God necessarily seeks some concrete temporal expression of his primordial nature; so the world is necessary to God. The world is a real temporal order in which creativity is an essential feature, which even God cannot obliterate. God can, however, 'lure' actual occasions towards the good. Having endless time at his disposal, he will in the end increase the beauty and harmony of the world. In any case, the experience of God will be completed by taking the temporal process into his own being and giving it there, in an ever-extending creative pattern, an eternal satisfaction.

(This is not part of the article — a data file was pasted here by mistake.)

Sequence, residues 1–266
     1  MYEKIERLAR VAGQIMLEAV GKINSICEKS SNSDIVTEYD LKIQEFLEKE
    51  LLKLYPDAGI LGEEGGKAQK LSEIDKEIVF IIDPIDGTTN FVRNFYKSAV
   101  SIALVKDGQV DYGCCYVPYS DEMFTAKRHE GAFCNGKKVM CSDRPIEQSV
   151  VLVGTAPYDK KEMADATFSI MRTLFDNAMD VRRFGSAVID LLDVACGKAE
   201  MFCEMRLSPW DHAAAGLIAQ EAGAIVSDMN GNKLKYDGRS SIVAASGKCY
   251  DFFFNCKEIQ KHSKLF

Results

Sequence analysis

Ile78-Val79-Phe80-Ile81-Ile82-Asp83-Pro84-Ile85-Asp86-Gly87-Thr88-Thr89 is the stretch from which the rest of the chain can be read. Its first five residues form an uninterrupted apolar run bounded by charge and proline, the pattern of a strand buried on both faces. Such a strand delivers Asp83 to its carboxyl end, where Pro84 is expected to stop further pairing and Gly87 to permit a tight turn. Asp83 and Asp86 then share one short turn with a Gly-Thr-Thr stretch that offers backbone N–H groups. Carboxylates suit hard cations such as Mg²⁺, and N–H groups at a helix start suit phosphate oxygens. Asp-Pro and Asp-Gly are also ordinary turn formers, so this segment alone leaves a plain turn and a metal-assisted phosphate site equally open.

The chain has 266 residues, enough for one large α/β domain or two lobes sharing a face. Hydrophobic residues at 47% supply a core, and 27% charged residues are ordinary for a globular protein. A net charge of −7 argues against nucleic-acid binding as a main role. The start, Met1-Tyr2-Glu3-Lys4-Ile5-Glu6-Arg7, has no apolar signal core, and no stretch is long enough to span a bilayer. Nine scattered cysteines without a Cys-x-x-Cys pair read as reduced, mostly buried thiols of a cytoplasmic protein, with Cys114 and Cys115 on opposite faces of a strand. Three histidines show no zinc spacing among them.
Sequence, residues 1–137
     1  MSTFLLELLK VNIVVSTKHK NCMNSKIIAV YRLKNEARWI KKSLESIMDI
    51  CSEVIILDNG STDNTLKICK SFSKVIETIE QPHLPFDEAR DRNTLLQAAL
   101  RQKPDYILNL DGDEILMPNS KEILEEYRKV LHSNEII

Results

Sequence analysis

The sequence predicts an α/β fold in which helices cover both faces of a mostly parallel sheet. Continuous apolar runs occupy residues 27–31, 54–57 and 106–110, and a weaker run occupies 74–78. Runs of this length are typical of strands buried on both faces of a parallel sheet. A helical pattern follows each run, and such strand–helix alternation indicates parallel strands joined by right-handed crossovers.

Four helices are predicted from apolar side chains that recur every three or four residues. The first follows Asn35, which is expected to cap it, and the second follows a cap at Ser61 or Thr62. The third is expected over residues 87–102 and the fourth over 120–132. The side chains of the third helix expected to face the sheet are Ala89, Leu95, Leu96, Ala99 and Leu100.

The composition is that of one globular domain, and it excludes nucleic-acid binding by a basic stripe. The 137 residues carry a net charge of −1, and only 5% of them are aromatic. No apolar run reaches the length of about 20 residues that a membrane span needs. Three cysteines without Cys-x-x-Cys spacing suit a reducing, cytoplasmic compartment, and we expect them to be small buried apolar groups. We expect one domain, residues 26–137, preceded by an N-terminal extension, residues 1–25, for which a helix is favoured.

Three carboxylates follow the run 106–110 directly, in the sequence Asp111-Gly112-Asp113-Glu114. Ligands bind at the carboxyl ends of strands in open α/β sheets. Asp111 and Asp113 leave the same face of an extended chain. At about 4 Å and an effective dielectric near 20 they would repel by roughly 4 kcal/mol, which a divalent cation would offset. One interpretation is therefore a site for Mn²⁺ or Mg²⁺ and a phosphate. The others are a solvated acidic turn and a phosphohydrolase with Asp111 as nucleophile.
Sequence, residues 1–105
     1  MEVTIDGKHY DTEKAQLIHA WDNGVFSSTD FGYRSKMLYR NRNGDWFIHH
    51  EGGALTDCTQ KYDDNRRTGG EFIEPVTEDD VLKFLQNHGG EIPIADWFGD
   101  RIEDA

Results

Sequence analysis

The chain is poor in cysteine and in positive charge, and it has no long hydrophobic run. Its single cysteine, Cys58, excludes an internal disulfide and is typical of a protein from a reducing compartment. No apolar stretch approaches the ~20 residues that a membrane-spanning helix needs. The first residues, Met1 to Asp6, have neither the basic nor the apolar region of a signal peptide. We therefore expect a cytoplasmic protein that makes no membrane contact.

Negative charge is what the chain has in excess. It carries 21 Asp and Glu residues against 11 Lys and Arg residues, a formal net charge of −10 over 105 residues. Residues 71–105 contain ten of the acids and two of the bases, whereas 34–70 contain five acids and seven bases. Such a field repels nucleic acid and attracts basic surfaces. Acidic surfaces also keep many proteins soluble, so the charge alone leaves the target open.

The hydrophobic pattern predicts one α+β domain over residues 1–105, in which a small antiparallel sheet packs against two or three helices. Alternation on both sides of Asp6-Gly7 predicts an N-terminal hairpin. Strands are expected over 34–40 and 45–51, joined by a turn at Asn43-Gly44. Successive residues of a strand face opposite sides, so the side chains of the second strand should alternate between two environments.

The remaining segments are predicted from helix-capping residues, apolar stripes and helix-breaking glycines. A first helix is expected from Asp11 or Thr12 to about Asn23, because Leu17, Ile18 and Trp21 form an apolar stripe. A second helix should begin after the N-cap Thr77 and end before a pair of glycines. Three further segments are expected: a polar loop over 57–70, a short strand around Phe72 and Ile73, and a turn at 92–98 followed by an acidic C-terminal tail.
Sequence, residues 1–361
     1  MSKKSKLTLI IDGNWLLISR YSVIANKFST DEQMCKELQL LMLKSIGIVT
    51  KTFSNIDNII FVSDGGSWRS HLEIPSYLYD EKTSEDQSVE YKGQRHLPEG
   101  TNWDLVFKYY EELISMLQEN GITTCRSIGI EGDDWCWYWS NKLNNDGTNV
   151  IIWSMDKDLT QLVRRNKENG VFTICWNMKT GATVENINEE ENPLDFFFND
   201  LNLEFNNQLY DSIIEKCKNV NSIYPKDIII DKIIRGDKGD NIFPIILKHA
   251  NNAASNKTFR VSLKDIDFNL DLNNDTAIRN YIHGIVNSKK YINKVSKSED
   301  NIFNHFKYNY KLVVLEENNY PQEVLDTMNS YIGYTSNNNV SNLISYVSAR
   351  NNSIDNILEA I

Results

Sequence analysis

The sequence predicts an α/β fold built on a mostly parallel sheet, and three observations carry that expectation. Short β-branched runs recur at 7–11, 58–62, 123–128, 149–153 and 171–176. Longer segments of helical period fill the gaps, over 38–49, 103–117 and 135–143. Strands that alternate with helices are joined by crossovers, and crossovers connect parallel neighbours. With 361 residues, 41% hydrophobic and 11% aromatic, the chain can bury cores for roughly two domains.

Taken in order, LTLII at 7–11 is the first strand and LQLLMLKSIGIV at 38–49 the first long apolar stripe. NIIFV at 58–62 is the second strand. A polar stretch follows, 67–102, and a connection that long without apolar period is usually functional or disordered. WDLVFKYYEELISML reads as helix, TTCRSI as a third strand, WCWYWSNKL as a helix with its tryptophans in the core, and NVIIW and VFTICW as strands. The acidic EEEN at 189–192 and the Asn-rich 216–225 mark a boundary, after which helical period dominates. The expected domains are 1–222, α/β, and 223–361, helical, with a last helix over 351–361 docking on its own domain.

Whitehead's philosophy picks up many elements of Hegelian thought— the stress on the necessity of the world; the stress on temporality; the idea of God as including all finite reality. He develops from it, however, a radically new metaphysical system, in which God has an important place. God is not, however, the impassible, non-temporal, simple Infinite of Thomism. Being dipolar, God does have such a nature, a primordial nature. But that nature is necessarily expressed in his consequential nature, which introduces passibility, temporality and complexity into the Divine Being. To put it bluntly, the process God is not omnipotent or omniscient, and cannot ensure that his purposes will be realized, since he is limited to persuasion. He is a temporal God, who shares in the travails of the world, seeks to lure it towards greater good, and includes it, as so far completed, in the eternal memory of his own awareness.